The Grime Resurgence Picks Up Pace
Lest we forget the day Skepta danced with Timmy Mallett in an East London pub.
"Rolex Sweep" and "Sunglasses at Night" feel like a long time ago, with his Oceana-filling drivel a blip on Skepta’s resumé he’d rather you forgot about.
But times have changed. Grime music is now very much the dominant UK genre, and leading the charge is North London’s Skepta. An artist who’s been able to return – with credibility – to his roots, shirking the gimmicky material and creating an album every bit as good as its two-year wait demanded
Featuring 2014’s "That’s Not Me" and "It Ain’t Safe", ‘Konnichiwa’ is the embodiment of the UK’s Grime scene. "Crime Riddim" is dirty, aggressive and distorted. "Ladies Hit Squad", featuring Double E and A$AP Nast, echoes influences from the US hip-hop scene. "Corn on the Curb" is full of self-reflection (with the brilliant lyric “no Rolex timepiece” a tongue-in-cheek nod to a moving on from earlier material). "Numbers", produced by Pharrell Williams, is a catchy track that shows how Grime can easily infiltrate - and become accepted - within the broader scope of pop music.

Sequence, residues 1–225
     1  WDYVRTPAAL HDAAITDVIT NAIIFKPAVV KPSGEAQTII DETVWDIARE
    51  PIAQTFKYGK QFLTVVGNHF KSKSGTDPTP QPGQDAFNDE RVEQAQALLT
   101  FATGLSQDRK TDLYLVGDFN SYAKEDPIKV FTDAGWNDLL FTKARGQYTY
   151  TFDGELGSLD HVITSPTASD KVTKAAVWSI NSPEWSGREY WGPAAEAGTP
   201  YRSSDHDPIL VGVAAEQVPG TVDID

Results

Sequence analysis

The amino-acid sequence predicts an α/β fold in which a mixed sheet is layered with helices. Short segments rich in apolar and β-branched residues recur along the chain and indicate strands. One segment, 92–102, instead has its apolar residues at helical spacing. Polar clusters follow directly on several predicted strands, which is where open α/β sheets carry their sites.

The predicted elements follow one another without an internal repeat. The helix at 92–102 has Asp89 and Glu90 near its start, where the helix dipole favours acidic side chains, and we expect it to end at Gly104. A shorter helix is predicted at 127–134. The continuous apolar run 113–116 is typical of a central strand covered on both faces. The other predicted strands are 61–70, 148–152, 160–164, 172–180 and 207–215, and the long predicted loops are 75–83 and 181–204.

There’s two standouts from ‘Konnichiwa’ however, with "Shutdown" and "Man" which will be recognised in years to come as the symbols of Skepta’s reinvention and Grime’s resurgence. The latter is the album’s most recent release, and features a superb sample from Queen of the Stone Age’s "Regular John". It’s the first real fusion of Rock and Grime music that has paid off, and almost fully glosses over the 2000’s ‘grindie’ phase with a single swipe of a mic.
It’s been a busy few weeks for Skepta, with the release of Drake’s ‘Views from the Six’ on Boy Better Know Records last week being swiftly following by his own revival-piece in Konnichiwa.
Not since ‘Boy In Da Corner’ has such a complete Grime album been released, and given the thirst for genre these days it’s unlikely we’ll be waiting another thirteen years to say this. I hope.